Connecticut and South Carolina went all the way to the women’s title match In Minneapolis, and along the way, they didn’t earn a cent from the NCAA that they could possibly spend on scholarships, athletic facilities, or other costs.
But Kansas and North Carolina, the two teams that competed in the men’s championship on Monday night, have likely each earned at least $10 million in the past few weeks.
Since the men’s Division I championship brings in millions of dollars in salaries, women’s basketball coaches and their allies believe officials are more likely to invest in the men’s teams rather than the women’s teams, whose championships earn no money directly from the NCAA, even if they are among the nation’s best.
Variation in NCAA financial arrangements has been around for decades, with the association awarding “units” that turn, over time, into millions of dollars when teams reach and advance to the men’s event.
Now the future of the system is the subject of intense debate within the college sports industry, which has drawn public outrage and congressional scrutiny after players in last year’s men’s tournament got better amenities and facilities than the athletes who participated in the women’s event. The NCAA has taken steps over the past year to enhance and improve conditions in the women’s event; This year, for example, was the first time the federation debuted its “March Madness” brand for the Women’s Championship.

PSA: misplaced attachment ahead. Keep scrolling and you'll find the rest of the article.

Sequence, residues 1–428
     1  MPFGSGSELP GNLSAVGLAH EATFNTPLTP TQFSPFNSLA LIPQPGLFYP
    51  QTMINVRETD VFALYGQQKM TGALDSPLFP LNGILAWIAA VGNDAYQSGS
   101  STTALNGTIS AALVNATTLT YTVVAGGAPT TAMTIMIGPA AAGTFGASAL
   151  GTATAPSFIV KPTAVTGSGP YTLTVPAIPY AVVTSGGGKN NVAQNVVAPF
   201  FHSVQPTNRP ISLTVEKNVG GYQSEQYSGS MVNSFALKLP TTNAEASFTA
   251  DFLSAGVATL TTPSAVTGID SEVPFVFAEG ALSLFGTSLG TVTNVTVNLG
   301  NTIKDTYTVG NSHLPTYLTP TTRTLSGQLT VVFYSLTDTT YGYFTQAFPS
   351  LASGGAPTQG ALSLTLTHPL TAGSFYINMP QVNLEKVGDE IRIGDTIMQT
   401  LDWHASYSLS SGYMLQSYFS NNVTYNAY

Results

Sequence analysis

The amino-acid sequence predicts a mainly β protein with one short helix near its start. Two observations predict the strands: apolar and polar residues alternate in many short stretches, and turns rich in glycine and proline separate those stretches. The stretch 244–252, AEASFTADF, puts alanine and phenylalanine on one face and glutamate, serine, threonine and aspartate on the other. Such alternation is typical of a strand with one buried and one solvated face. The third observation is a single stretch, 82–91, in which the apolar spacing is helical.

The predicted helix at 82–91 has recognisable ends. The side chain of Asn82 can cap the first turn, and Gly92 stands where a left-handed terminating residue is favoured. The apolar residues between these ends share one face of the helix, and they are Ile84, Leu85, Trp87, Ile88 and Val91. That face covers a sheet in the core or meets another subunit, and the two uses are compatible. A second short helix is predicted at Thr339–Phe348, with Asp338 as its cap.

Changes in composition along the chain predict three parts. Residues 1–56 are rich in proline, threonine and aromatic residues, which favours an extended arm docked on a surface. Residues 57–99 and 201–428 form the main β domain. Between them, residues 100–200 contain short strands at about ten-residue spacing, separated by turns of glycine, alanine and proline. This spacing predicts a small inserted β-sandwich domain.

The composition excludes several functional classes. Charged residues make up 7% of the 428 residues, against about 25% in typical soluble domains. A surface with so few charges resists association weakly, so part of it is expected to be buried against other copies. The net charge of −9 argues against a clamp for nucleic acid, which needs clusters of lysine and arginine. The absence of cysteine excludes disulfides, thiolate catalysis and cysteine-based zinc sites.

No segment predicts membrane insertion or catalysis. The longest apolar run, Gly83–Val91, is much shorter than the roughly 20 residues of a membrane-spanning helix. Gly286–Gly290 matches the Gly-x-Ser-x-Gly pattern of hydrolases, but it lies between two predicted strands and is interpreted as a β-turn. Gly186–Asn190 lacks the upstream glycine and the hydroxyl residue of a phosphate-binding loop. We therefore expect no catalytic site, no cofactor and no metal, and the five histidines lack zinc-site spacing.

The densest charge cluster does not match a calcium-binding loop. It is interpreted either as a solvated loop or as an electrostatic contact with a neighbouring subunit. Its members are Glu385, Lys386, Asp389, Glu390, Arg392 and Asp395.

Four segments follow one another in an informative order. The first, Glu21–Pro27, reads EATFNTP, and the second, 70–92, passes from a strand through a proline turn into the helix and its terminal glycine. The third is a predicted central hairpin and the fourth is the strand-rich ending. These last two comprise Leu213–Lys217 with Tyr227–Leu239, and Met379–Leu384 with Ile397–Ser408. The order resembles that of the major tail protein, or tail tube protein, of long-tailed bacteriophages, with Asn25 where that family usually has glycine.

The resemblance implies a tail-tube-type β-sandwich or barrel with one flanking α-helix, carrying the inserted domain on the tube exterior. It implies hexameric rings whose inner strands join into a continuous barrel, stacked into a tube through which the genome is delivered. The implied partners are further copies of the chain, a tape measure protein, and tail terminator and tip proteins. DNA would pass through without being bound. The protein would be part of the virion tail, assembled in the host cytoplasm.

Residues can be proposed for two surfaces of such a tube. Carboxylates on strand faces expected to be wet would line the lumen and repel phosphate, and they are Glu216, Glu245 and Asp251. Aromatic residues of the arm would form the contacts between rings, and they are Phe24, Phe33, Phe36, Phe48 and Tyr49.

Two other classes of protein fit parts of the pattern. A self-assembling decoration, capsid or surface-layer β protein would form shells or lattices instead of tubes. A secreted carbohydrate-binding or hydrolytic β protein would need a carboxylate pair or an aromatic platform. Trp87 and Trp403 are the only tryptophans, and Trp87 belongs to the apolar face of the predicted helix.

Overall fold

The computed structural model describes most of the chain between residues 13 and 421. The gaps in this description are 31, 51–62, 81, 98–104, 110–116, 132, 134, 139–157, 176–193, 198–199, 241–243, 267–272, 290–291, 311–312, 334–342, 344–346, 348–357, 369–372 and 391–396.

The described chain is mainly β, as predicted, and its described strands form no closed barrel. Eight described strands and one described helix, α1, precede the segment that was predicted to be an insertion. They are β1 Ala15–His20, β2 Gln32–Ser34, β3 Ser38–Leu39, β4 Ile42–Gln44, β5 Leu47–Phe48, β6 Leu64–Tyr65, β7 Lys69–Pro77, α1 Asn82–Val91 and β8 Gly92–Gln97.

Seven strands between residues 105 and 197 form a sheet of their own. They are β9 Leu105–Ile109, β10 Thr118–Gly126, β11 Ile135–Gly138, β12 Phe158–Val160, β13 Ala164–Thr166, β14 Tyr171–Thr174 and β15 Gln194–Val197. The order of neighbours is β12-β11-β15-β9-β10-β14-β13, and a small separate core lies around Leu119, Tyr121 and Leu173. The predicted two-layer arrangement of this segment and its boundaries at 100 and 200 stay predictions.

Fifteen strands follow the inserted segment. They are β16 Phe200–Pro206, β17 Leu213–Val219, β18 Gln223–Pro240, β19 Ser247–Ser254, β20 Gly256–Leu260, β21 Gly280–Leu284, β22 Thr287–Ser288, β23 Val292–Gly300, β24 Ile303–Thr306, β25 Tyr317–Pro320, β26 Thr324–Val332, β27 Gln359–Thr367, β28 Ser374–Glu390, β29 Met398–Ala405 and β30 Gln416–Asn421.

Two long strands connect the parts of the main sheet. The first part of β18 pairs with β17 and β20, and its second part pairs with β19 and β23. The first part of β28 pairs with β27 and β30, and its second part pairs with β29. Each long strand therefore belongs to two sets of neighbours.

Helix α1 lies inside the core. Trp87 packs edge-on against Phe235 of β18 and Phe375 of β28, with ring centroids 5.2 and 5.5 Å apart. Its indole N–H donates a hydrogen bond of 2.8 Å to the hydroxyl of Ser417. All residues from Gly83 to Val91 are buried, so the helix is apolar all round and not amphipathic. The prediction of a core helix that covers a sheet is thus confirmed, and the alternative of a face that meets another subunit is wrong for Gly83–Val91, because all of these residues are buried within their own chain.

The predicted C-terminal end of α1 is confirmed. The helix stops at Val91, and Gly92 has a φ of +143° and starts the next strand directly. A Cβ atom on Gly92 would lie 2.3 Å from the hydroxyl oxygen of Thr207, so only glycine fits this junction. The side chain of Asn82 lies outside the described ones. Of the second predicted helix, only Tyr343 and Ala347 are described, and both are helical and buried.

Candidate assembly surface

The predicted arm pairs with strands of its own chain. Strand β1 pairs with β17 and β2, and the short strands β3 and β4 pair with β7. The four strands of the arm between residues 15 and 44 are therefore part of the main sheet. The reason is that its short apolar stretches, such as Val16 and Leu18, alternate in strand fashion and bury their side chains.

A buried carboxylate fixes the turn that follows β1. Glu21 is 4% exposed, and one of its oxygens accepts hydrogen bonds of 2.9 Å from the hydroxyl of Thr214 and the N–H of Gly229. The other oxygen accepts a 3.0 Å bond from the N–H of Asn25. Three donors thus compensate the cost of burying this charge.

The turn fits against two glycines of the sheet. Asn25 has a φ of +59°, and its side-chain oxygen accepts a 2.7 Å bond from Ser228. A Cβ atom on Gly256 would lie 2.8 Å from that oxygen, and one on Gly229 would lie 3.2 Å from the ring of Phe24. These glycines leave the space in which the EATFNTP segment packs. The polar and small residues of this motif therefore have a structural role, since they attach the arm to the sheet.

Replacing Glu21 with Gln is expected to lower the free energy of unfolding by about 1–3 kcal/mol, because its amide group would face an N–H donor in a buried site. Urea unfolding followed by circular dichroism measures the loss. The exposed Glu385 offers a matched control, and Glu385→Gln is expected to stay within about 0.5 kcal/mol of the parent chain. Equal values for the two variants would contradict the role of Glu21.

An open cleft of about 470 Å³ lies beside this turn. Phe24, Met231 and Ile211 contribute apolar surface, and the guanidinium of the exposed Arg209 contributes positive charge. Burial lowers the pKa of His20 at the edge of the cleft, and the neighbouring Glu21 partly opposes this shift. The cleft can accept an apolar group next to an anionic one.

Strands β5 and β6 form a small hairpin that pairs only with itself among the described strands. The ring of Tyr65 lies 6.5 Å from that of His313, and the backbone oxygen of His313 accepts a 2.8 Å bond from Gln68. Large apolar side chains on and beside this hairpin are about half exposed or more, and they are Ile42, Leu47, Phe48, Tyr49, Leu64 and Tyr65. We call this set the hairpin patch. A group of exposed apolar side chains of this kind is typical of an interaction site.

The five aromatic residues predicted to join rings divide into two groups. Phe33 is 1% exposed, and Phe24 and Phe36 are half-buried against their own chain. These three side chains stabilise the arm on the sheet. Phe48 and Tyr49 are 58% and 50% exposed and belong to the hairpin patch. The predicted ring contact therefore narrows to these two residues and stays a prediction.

But these changes, in relative terms, are very small next to possible shifts in the payment structure of the National Commission for Academic Accreditation and Assessment.
“I really think if we make changes, we should have a similar unit structure,” said Tara Vanderveer, who won three national championships as a women’s coach at Stanford. “I mean, I love crowds. I love streamers.”
But, she added, “I really think the bottom line is, it’s a TV package and it’s a unit structure. When that happens, we’ll know it’s dangerous.”
NCAA president Mark Emmert declined to say last week whether he supported an overhaul, but said it was “important” that the schools governing the association consider the changes. At least one NCAA committee is studying this issue.
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